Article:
Since the tragic fire at Grenfell Tower, the Government has set up investigations into materials and practices used in buildings.
In January 2020, the government published updated and consolidated advice for building owners of multi-storey, multi-occupied residential buildings. This brings together and updates existing advice notes into one single advice note.
This section provides the latest information on government investigations into building materials and practices – including cladding remedial work and fire doors.
The Government’s Building Safety Programme was launched soon after the Grenfell Tower fire to make sure residents in high-rise buildings are safe and feel safe.
The programme initially focused on the remediation of buildings with cladding that failed safety tests but was broadened out to cover other building safety issues. This work is guided by the advice of an Independent Expert Panel, with input from an Industry Response Group of which the National Housing Federation is a member.
Cladding that failed safety tests has been found on a number of high-rise blocks across the country, owned by private and social landlords, as well as schools and hospitals. Since the summer of 2017 our members have worked tirelessly to remediate their buildings. While this work goes on, people living in affected buildings are kept safe with additional safety measures where needed, such as 24-hour fire wardens, and our members are ensuring appropriate and necessary information reaches residents.
We continue to provide support to members that are carrying out cladding remedial works and flagging to government any issues that delay progress. We are calling on the government to provide additional funding to cover broader building safety issues.
Due to safety concerns, surveyors have been valuing properties in high-rise blocks at zero pounds. The impact of this has been that a number of leaseholders have struggled to remortgage or sell their flats.
The Royal Institution of Chartered Surveyors (RICS), UK Finance, and the Building Societies Association, have worked together to develop a new industry-wide process for valuing high-rise blocks, announced in December 2019.
The new process will be applied to properties in buildings that are 18m and over, and has been developed to provide some consistency for valuations of this type of property.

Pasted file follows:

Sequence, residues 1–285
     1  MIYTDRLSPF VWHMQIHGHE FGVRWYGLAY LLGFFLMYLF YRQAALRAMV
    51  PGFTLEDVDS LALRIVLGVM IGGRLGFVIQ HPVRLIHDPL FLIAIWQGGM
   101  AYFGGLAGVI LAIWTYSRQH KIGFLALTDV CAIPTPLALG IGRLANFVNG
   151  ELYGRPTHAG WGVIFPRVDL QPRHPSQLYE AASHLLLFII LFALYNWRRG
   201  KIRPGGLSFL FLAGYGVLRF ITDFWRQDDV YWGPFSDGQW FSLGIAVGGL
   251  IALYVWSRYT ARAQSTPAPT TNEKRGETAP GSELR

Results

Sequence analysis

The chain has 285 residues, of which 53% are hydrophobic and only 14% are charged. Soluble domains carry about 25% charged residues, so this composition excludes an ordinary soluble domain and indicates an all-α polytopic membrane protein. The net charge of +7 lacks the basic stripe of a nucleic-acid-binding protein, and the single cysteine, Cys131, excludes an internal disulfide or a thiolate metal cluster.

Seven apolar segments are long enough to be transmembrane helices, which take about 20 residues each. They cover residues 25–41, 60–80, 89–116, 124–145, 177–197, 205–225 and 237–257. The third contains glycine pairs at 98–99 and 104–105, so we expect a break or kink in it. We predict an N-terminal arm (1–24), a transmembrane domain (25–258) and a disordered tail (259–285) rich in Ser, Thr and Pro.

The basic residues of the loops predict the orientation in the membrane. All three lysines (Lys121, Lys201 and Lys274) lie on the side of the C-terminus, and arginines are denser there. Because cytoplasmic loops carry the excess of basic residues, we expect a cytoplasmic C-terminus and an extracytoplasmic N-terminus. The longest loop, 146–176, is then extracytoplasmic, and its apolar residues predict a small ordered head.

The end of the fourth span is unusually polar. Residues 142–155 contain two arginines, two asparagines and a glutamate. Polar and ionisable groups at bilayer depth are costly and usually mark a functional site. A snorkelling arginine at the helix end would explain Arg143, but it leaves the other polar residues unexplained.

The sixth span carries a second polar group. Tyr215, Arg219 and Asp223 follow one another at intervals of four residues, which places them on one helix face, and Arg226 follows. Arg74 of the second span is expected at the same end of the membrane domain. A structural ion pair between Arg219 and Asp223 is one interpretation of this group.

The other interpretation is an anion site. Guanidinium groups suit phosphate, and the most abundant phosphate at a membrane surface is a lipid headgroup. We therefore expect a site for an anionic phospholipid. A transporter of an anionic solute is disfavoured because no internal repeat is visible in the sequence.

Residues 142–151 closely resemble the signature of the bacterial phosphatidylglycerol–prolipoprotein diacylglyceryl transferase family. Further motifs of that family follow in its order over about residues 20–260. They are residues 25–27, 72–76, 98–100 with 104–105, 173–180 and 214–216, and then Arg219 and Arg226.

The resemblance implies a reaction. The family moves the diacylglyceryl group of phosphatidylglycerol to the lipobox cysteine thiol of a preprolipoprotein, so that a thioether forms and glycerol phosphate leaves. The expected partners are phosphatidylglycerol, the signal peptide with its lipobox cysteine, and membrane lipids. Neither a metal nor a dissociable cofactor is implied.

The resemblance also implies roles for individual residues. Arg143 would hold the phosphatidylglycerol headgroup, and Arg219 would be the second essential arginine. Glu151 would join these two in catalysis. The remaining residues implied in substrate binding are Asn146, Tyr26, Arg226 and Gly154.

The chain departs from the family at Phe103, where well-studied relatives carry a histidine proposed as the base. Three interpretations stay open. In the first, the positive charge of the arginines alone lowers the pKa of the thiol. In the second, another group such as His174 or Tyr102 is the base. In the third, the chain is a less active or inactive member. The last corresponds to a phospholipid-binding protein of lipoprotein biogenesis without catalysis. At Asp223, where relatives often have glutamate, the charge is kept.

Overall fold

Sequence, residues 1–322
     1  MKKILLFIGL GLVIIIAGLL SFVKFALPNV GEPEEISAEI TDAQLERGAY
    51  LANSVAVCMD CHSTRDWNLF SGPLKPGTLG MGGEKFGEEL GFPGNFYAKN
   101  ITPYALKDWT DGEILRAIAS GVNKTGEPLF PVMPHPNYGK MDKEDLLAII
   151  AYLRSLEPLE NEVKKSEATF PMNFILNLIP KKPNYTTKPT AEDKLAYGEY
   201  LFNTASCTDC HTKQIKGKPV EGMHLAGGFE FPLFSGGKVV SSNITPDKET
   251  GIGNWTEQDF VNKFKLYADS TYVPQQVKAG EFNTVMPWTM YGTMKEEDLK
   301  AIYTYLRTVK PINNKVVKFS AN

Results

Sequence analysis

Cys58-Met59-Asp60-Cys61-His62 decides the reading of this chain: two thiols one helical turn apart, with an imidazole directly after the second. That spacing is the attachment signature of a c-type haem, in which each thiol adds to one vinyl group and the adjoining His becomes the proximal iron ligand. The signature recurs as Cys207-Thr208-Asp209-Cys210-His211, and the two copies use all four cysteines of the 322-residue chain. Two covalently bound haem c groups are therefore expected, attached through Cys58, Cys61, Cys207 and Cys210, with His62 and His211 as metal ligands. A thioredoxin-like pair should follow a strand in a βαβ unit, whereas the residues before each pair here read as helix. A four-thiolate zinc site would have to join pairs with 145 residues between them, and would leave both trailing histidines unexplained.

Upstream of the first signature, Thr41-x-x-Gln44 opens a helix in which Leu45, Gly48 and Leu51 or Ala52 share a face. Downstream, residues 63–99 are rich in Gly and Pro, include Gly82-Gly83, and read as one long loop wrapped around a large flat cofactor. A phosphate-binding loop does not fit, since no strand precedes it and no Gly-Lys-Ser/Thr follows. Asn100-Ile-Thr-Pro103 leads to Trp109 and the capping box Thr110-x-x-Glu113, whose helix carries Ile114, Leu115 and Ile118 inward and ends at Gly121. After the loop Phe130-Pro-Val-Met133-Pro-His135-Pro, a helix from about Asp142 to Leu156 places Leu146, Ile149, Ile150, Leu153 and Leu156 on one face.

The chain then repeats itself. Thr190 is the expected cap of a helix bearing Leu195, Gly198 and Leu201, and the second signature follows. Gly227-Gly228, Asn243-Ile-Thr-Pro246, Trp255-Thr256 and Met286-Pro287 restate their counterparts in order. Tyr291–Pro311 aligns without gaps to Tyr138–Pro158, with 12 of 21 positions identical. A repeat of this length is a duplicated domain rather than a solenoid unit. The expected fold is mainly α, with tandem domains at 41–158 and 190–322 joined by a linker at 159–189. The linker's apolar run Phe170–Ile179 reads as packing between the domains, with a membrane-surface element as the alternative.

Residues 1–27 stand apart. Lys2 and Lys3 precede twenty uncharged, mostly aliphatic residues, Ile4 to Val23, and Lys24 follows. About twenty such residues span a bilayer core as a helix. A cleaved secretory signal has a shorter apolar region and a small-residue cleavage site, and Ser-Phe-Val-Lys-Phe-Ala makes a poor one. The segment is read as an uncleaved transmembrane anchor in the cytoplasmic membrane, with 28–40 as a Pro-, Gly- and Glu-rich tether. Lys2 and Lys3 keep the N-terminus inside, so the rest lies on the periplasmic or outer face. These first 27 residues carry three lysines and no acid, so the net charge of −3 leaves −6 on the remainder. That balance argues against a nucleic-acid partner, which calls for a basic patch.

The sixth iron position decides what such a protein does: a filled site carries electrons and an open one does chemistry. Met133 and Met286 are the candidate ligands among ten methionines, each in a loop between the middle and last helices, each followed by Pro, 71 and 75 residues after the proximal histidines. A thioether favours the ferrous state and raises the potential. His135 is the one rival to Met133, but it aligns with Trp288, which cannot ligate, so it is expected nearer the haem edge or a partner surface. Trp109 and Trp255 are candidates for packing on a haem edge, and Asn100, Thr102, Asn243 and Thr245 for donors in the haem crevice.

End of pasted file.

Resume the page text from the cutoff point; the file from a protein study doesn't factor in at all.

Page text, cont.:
This process should enable some properties in affected buildings to be valued at a level more reflective of the market. However, we understand that there is still uncertainty in valuing flats in high-rise buildings that need remediation and we’ll be analysing how the building safety announcements made on 20 January could affect valuations in blocks below 18m.
In January 2020, the Secretary of State for Housing, Communities and Local Government, Robert Jenrick, announced that he intends to work with the Treasury to explore ways to support leaseholders with the costs of remediation, which we understand may be offered as loans. We agree that leaseholders should not foot the bill for remediation works and we are continuing to press the government for funding to cover the costs for housing associations.
We know there is a widespread problem with glass-reinforced plastic (GRP) composite doors and that testing is being conducted on other types of door.
Many of our members are already managing this additional risk, and the government’s updated and consolidated advice note states that building owners should aim to replace flat entrance door sets if they suspect they do not meet the fire or smoke resistance performance in the Local Government Association guide “Fire safety in purpose built blocks of flats.” A risk assessment process is advocated to ascertain the urgency with which doors should be replaced.
Annex A of the consolidated advice note provides further advice for building owners on the assurance and assessment of fire doors. It includes general advice on:
In addition, flow charts are provided to assist building Responsible Persons to prioritise action specifically in respect of GRP composite fire doors for both general needs and specialised housing blocks of flats.
We are involved in discussions about an industry-led remediation plan, led by MHCLG with the Association of Composite Door Manufacturers and the Local Government Association, and we’ll continue to press for action. We are hoping to provide more details soon.
The government has been working with Building Research Establishment (BRE) to investigate the burning behaviour of selected cladding products using physical testing at bench/intermediate-scale in a laboratory. The Expert Panel has considered the interim results of these tests in developing this advice and understands that the government intends to publish the results later in the year.